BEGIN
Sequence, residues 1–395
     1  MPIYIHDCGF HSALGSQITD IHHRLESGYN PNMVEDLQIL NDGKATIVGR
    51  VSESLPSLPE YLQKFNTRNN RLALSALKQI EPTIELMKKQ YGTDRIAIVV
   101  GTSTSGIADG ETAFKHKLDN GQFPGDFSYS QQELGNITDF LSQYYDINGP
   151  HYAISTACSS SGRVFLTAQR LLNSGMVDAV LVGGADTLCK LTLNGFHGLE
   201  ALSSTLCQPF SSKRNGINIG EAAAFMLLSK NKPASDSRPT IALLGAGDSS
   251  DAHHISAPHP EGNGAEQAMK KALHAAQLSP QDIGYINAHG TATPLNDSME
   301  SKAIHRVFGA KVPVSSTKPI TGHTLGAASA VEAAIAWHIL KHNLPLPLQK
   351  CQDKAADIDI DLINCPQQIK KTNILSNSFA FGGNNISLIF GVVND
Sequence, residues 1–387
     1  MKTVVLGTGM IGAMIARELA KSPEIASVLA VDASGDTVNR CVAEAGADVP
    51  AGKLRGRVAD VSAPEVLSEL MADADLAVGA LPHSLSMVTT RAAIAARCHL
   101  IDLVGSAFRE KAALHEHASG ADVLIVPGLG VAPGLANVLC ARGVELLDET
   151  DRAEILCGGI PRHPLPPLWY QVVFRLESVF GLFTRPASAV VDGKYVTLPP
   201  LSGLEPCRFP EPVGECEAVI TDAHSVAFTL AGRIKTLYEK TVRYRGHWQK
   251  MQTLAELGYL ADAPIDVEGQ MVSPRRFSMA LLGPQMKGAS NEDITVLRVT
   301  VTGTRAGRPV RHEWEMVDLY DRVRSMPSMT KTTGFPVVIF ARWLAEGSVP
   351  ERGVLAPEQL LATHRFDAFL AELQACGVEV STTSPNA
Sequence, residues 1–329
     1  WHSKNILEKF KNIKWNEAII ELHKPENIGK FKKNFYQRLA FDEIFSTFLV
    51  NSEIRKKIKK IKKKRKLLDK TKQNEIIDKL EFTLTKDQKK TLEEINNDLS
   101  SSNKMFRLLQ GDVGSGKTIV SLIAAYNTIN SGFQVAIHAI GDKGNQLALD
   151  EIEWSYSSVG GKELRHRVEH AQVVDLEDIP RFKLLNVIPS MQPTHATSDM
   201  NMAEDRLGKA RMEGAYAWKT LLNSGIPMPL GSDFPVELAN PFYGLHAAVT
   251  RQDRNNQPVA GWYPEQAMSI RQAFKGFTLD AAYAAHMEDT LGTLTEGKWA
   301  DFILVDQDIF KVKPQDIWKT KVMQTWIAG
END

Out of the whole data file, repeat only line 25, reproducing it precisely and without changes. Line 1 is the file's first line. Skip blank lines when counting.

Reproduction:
   251  RQDRNNQPVA GWYPEQAMSI RQAFKGFTLD AAYAAHMEDT LGTLTEGKWA